In developed economies very few people attempt to satisfy the full range of their needs and wants by their own direct work. Most people sell their skills as carpenter, teacher, plumber, manager, accountant or lawyer to other people, and use the money they get in return to buy the goods and services they need to live. The activities necessary to provide us with the goods and services we want are carried out in factories, mines, workshops, foundries, shops and offices, where a group of people with different skills can co-operate to produce goods and services for sale to other people. Some people, of course, continue to work from home for a variety of reasons. It may be cheaper, or more convenient, or the amount of work undertaken may not justify a separate workshop or office.

A business may be simply defined as a person or group of people buying in goods and services in order to produce other goods and services for the purpose of sale at a profit.

1. Which of these statements expresses the main idea of the text?

  1.  Business is the activity of making money by producing or buying and selling goods, or providing services.
  2.  In developed economies very few people try to satisfy all their needs by their own direct work.
  3.  We use the word ‘busy’ to describe actions that we consider important.
  4.  Business is an integral part of the society in which it operates.

2. Find in the text English equivalents of these words and phrases.

1. людський

24. володіти

47. займати місце, посаду

2. вимагати

25. зосереджуватися

48. вибірковий

3. їжа, харч

26. зусилля, напруження

49. вважати, стосуватися

4. захист, охорона

27.переважати; відзначатися

50. виживання

5. крайність

28.поліпшувати(ся)

51.пробувати, намагатися

6. вижити

29. означати, мати на увазі

52. потреби, необхідність

7. співробітничати

30. ткач, ткаля

53. продавати, торгувати

8. задовольняти

31. тканина, полотно

54. уміння

9. потреби

32. притулок, укриття, сховище

55. тесляр

10. основний

33.постачати, забезпечувати

56. водопровідник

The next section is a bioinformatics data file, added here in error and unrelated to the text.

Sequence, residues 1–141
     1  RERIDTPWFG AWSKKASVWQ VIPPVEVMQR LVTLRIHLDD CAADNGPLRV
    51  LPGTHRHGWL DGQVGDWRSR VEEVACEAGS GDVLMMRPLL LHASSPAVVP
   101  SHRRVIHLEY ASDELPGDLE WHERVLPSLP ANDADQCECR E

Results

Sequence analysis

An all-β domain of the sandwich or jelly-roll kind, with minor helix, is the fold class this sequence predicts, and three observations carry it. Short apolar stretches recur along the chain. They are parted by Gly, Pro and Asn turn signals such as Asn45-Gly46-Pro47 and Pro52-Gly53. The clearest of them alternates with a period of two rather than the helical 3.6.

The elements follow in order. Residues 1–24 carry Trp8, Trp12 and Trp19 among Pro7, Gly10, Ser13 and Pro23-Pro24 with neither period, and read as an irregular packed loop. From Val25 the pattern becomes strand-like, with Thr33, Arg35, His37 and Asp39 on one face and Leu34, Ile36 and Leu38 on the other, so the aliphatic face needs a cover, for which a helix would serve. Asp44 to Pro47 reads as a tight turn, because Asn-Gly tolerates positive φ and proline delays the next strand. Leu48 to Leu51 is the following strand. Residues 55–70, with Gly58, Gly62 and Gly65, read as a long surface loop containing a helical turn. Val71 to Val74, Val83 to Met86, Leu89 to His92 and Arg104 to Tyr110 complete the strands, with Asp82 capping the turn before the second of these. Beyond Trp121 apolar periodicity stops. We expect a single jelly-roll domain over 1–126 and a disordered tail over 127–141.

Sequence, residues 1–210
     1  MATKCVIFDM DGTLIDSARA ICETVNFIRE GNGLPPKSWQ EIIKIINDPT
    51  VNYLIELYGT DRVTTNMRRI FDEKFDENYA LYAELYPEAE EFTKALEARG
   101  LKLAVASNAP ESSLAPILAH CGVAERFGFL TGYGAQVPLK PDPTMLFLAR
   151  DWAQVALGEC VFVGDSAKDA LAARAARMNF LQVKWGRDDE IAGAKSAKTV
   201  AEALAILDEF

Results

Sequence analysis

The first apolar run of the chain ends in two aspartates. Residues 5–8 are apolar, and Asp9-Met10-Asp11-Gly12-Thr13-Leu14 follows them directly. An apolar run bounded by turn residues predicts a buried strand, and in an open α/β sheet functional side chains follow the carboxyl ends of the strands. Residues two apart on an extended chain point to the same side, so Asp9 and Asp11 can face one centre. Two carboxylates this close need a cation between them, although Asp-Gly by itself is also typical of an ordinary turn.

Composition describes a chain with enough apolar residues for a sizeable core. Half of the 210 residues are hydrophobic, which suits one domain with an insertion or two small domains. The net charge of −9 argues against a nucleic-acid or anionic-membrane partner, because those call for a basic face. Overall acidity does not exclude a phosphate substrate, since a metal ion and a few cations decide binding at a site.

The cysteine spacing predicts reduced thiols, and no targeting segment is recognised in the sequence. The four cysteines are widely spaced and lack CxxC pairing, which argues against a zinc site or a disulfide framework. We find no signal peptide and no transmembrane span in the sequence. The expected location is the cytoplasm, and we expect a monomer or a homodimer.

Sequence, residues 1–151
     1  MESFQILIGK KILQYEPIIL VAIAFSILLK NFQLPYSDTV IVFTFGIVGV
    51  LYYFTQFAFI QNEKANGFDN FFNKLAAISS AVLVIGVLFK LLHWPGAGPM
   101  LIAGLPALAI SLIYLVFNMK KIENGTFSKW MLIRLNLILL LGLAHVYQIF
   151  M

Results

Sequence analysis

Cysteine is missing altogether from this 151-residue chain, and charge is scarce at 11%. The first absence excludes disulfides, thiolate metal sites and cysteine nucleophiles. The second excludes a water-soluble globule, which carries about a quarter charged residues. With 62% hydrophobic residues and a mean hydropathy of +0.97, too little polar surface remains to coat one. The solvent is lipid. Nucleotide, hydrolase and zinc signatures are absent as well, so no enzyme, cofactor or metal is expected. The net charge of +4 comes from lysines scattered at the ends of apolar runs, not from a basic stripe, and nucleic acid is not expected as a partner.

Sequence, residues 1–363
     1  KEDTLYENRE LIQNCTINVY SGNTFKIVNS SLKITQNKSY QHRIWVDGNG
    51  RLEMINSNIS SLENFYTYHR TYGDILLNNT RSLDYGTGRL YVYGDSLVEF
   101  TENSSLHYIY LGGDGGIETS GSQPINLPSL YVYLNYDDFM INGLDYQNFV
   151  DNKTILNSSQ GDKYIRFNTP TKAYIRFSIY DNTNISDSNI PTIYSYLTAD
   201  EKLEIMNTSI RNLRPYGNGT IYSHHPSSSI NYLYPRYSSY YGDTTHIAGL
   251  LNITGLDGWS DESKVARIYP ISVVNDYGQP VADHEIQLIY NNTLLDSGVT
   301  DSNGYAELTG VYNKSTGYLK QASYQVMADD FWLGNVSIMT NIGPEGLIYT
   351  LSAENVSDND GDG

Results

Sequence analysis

11. суспільство (2)

34. займатися чимось

57. бухгалтер, рахівник

12. кількість, загальна сума

35. спрямований на щось

58. юрист, адвокат

13.вироблений, створений

36. задоволення

59. у відповідь

14. живий

37. розкіш, предмет розкоші

60. купувати

15. існування, засоби до існування

38. відносно

61. доводити до кінця

16. бути щасливим

39. обмежений, скрутний

62. шахта, рудник

17. надлишок, залишок

40. асортимент товарів

63. майстерня, цех

18. товар

41. обмінювати(ся)

64. ливарний цех

19. робити запас

42. розвиток

65. зручний, підходящий

20. страхування

43. бути відображеним у чомусь

66. починати, братися за щось

21. труднощі

44. м’ясник

67. виправдовувати, знаходити виправдання

22. послуги

45. коваль

68. намір, мета

23. здійснювати,

усвідомлювати

46. володіти

69. вигода, прибуток


3
. Are these statements true or false? Correct the false ones.

  1.  A minimum of food, drink and protection from the extremes of climate is not enough to keep people alive.
  2.  Some people are fortunate because they fail to produce a surplus in some goods.
  3.  An excess of goods may not be stored as an insurance against future difficulties.
  4.  In early history individuals possessed different gifts and they concentrated their efforts on the activities in which they would be able to improve the standard of living of the whole community.
  5.  The word “busy” is used to describe activities people consider as being unimportant to their survival or comfort.
  6.  You rarely hear people describing themselves as being busy if they are doing a hobby.
  7.  In advanced economies a lot of people try to satisfy the full range of their needs and wants by their own hard work.
  8.  Some people sell their skills in order to buy the goods and services they need to survive.
  9.  Most people work from home because it may be cheaper or more convenient.
  10.  People enjoy working in groups because they can co-operate to produce goods and services for sale to other people.

4. Answer the questions.

  1.  What does an individual require in order to survive?
  2.  Why do people co-operate?
  3.  What is a business?
  4.  What is the main purpose of all business activities?

Text 2.

The diverse nature of business

(Part I)

In a wealthy society business is not just concerned with the satisfaction of basic needs. From the definition we can see that the existence of a business community in a society means that surpluses have been generated. The wealthier the society, the more advanced the technology and the wider range of goods and services available.

There are six main elements that are common to all business activity: